Paz-Pines bids to help athletes, artists [pg. 3]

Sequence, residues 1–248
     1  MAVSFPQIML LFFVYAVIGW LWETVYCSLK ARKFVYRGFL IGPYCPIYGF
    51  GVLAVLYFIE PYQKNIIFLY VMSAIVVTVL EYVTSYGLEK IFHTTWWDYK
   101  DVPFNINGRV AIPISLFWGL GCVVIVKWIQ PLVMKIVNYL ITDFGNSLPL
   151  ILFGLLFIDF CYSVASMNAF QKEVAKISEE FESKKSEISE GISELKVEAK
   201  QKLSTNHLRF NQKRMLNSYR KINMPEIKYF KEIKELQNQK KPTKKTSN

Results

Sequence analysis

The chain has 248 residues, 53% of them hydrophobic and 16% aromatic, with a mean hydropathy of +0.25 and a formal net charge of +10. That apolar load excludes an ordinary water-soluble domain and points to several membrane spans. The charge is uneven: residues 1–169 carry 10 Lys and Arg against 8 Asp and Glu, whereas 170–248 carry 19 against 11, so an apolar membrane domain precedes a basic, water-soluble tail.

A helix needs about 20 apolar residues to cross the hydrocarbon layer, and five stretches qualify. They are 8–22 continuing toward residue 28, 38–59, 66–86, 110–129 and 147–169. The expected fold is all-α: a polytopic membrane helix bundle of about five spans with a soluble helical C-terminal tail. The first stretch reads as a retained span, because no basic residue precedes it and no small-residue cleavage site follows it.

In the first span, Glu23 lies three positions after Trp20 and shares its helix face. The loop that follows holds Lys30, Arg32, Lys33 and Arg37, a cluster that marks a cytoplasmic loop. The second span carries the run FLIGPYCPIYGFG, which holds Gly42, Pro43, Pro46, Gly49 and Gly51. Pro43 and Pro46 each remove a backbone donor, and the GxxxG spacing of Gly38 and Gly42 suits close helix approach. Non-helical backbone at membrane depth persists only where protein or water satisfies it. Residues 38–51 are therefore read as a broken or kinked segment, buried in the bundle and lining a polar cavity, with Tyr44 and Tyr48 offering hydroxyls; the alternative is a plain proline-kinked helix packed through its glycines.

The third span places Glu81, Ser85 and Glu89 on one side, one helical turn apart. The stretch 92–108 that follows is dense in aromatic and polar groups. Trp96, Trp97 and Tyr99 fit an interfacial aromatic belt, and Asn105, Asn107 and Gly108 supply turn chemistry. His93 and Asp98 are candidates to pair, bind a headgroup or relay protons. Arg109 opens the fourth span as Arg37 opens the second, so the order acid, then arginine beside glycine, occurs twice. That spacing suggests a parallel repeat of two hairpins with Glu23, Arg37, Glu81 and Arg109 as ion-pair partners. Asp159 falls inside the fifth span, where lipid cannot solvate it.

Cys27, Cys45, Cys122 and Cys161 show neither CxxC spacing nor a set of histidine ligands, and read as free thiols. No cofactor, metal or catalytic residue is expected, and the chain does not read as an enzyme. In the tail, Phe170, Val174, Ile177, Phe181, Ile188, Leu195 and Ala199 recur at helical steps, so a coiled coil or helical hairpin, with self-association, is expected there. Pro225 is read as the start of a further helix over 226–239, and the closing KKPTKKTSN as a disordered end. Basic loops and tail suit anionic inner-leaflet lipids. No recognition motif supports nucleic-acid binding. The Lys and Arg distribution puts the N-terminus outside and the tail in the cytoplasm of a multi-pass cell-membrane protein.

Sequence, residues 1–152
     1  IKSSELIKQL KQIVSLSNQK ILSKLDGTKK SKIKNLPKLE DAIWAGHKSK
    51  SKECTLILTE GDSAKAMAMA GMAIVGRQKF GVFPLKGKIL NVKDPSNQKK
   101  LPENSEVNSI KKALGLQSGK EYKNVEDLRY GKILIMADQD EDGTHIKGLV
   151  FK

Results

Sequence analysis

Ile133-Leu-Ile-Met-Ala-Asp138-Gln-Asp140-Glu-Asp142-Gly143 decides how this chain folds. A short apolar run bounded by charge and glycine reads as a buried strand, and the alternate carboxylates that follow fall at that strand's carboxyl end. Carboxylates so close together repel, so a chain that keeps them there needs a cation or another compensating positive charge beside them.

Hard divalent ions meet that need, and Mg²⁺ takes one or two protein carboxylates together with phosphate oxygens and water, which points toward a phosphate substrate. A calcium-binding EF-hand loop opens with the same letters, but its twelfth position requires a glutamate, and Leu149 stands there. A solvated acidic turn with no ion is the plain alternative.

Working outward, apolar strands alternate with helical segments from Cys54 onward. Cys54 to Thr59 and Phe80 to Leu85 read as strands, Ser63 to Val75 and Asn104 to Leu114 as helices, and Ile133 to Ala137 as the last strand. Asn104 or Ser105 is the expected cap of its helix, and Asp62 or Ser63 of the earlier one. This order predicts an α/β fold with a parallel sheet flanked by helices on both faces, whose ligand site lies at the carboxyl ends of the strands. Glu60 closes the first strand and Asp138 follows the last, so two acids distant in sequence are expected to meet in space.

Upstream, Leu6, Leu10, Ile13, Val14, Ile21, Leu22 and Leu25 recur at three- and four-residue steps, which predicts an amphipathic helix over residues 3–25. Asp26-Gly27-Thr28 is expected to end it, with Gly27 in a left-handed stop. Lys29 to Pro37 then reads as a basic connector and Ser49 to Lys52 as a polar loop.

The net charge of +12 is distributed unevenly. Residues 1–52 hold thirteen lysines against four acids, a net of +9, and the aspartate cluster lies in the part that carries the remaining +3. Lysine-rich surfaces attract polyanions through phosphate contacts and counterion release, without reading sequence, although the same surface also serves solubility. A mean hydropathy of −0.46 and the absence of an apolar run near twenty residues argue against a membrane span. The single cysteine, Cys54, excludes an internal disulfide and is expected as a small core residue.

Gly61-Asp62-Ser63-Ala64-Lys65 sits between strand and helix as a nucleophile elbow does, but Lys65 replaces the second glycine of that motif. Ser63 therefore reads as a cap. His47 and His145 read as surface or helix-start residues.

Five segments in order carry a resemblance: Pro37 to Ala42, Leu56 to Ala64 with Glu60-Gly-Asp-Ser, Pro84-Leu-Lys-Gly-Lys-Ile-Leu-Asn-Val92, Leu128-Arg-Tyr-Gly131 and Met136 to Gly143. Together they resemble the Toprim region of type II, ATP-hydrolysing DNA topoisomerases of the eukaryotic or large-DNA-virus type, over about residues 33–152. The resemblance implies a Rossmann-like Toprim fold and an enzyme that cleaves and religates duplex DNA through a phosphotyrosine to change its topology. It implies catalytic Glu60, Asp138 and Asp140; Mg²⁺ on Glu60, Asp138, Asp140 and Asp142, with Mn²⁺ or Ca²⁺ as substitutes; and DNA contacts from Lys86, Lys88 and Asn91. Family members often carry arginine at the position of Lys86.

Colleagues have been asking Ophir Paz-Pines what exactly he will be doing as the new minister-without-portfolio responsible for culture, sports, science and technology. Coincidentally, Paz-Pines said he's been asking the same thing. "This position has been around, in some form, for nearly 20 years," Paz-Pines told The Jerusalem Post from his new Jerusalem offices. "But nobody has bothered to define it." It may his first week on the job, but Paz-Pines has thrown himself into the position. "I want to do something to bridge the gap between the way Israel treats these fields and the way other countries treat their artists," said Paz-Pines. While he said that he could not hope to compete with programs offered to artists, athletes, and academia abroad, he hoped to make Israel a more attractive place for those people to pursue their careers. Next week, Paz-Pines is to conduct a three-day intensive workshop with experts in the fields that relate to his ministry. While he hoped that the meeting would bring new programs to his attention, he admitted that the ministry's budget had been cut heavily over the years and that funds were likely to be slashed further in the 2006 budget. "My focus will be on improving sports and culture programs in elementary schools," said Paz-Pines. "We are not doing enough to encourage talented students to pursue their passions." In many ways, Paz-Pines, said he was raised to hold the ministry. His mother was an artist and his father was a fellow at the Weizmann Institute. Paz-Pines considers himself an athlete, and said he still plays handball with his local league in Herzliya. Despite rumors that he was angry at Labor Party chairman Amir Peretz for not assigning him to a more senior ministry, Paz-Pines said he was satisfied with his current placement. "Sure, I wanted the Justice or Internal Security ministry, but that didn't happen," said Paz-Pines. "But I think I got the optimal position under the circumstances."